With the recent ouster of CEO Bob Chapek, it’s clear that change is on the horizon at Disney. What’s not so clear—in large part because Chapek’s replacement, Bob Iger, served as CEO from 2005 until just a year ago—is exactly what form that change will take.
Chapek’s sudden ouster comes at the end of a calendar year that saw Disney shares drop nearly 41 percent, as the company found itself embroiled in multiple political controversies. Along with releasing two major movies that featured LGBT+ themes—both of which bombed at the box office—the company struggled to respond to reporting from journalist Christopher Rufo, who exposed a litany of racially and sexually charged comments from Disney employees, including high-level content creators and executive producers.
In the midst of those controversies, Disney overtly stepped into the political arena by opposing Florida’s parental rights in education bill, which protects the rights of parents of public school students to have transparency and input into what their children are being taught concerning sex and gender, while barring any instruction on the subjects in kindergarten through third-grade classrooms.
In his initial town hall employee meeting back at Disney’s helm in late November, Iger said that he did not “like the company being embroiled in controversy.” Though he stopped short of specifying whether he supported or opposed Disney’s recent foray into politics, Iger was careful to emphasize the importance of listening to and respecting audiences with differing viewpoints.
Speaking with The Daily Wire, Alliance Defending Freedom Senior Vice President of Corporate Engagement Jeremy Tedesco pointed out that although it remains to be seen whether Disney will correct course, there is plenty for business leaders to learn from Iger’s attempted reset. At the very least, Disney’s recent experience shows business leaders that they should respect ideological diversity both within their customer base and their workforce. Disney learned the latter lesson after conservative employees released an open statement calling upon leadership to address the growing hostility toward their political and religious views.
“Disney is an object lesson for getting out over your skis when it comes to pushing things outside of your business’s interest,” said Tedesco, who oversees the Viewpoint Diversity Score initiative. “If you just commit to the fact that ‘We have a broad set of beliefs represented in our employee base, and so we’re not going to engage in these things,’ that will be a boon to the employees. They’re going to feel much more engaged and not demoralized, like they are now.”
As Tedesco told The Daily Wire, although Iger’s comments are potentially a step in the right direction, customers, employees, and the general public aren’t likely to be satisfied with the CEO’s vague recommitments to a de-politicized approach. After all, talk is cheap.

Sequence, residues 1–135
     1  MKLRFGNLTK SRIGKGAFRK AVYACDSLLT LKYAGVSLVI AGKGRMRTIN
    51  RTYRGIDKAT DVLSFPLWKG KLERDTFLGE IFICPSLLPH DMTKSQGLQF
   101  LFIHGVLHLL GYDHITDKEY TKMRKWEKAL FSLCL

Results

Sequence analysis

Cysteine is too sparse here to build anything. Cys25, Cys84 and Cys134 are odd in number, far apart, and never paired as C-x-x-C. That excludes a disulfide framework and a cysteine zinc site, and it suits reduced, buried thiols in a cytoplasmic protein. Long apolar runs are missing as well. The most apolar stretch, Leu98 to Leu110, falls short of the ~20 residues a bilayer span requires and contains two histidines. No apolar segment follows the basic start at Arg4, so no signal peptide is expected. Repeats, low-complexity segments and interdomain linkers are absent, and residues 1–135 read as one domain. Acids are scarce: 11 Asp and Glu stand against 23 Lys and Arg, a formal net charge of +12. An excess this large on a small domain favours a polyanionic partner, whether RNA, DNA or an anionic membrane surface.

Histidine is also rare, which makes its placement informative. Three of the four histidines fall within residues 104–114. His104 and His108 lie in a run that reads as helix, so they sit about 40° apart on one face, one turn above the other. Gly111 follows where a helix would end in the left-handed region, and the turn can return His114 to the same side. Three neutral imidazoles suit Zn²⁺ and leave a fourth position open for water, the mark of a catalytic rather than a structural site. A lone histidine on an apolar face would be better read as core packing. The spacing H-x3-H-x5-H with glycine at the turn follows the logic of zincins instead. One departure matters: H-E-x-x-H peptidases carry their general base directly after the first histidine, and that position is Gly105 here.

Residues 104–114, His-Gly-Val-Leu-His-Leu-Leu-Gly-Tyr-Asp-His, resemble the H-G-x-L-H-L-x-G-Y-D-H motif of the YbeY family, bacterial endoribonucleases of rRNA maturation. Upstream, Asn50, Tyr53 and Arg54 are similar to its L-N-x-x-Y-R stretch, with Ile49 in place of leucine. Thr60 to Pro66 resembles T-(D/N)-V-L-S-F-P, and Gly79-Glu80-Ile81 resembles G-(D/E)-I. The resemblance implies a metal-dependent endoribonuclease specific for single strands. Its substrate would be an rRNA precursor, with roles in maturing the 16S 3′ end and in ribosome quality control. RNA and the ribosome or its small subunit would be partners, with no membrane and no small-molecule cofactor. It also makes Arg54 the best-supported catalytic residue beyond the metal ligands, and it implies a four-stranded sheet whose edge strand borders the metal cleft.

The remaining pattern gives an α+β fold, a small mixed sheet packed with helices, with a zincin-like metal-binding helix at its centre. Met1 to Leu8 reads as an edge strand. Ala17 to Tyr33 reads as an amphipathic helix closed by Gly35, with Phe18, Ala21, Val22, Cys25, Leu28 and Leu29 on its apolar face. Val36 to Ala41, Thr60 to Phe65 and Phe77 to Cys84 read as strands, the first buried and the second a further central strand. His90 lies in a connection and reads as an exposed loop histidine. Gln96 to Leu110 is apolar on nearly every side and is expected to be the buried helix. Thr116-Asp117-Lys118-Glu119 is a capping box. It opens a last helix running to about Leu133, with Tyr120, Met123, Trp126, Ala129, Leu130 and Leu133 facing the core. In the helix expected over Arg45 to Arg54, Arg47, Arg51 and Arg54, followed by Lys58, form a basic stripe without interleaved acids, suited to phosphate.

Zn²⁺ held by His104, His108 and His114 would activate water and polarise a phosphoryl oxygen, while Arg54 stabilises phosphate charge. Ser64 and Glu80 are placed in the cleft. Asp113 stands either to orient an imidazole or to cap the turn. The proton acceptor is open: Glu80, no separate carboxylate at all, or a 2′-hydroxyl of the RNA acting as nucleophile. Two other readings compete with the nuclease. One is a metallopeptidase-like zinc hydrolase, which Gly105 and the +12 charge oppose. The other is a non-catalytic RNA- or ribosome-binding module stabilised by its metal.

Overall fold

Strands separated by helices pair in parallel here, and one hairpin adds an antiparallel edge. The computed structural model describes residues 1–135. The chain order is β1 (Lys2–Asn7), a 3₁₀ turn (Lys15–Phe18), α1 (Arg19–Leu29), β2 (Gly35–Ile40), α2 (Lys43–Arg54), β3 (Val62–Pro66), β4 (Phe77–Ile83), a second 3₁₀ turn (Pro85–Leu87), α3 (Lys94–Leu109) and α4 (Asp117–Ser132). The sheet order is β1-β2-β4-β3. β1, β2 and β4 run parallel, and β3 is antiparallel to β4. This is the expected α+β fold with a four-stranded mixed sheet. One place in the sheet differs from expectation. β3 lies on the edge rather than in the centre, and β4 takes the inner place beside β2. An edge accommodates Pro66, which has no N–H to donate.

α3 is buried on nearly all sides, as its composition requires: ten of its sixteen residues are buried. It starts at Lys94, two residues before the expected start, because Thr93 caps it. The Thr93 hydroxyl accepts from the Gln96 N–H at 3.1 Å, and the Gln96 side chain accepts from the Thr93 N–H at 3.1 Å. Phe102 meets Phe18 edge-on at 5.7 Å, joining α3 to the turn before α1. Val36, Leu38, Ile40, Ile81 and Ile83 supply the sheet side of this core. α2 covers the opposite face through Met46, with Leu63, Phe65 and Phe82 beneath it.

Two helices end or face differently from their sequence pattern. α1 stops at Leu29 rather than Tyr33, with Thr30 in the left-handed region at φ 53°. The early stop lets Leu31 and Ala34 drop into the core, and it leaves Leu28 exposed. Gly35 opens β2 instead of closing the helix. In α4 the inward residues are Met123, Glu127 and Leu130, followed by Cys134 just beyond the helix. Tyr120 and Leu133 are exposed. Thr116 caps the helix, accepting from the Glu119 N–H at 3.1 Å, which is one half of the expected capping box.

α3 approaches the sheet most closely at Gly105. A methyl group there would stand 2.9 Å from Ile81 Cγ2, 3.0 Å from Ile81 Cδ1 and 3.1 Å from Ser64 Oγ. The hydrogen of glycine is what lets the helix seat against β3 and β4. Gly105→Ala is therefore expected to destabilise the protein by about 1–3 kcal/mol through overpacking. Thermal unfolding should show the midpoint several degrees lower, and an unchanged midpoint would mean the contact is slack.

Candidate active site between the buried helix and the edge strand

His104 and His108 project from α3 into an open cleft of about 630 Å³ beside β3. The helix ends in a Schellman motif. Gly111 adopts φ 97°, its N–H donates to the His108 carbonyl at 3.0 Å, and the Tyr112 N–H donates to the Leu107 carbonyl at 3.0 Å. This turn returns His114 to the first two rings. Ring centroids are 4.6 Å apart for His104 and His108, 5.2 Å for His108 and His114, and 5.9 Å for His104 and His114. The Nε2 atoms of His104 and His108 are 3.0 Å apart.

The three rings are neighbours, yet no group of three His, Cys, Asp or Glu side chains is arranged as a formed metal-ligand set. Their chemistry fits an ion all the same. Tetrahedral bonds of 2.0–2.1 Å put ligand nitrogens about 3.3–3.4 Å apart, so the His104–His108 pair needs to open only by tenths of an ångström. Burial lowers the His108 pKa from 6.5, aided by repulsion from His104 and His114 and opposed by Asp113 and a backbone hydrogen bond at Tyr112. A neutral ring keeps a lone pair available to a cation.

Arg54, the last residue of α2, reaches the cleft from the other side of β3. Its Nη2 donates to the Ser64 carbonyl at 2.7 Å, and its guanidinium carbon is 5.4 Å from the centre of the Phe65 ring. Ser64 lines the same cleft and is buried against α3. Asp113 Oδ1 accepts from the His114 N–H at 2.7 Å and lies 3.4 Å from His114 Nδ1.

“I guess the proof will be in what actions he actually takes,” Tedesco said. “Hopefully he can be somebody who can rise above that and understand that he’s got a duty to shareholders and employees.”
While Disney is fast becoming a case study in terms of weighing the risks and rewards of company leadership wading into hot-button political issues, its anecdotal lessons are also backed up by a growing data set.
As we have written previously:
Vanessa Burbano of Columbia University suggests in her 2021 research that corporations may in fact have little to gain and much to lose by following the herd and taking a stance on a hot-button issue:
Among [the study’s] conclusions, Burbano says: "Employees who disagree with a political stance taken by their companies are demotivated—they do less extra work and do lower quality work." On the flip side, "Those who agree with a political stance taken by their companies are not motivated—they behave no statistically differently than a control group." There's similarly a downside in regard to wooing consumers, as they are likely to boycott over a political position they don't like but are not likely to "buycott" over stances they agree with.
It's one thing for a company to risk alienating employees and customers who disagree with their controversial stands, if the harms of doing so are outweighed by overall gains in employee engagement, productivity, and customer loyalty. But that calculation only works if the second half of that bargain holds up—which, according to Burbano, is doubtful at best.
The same holds true for shareholders. A recent poll by Echelon on behalf of The Daily Wire found that 58 percent of shareholders (in addition to 53 percent of consumers) said they don’t want companies weaving political agendas into their businesses.
Read The Daily Wire’s coverage of the Disney leadership change in full here.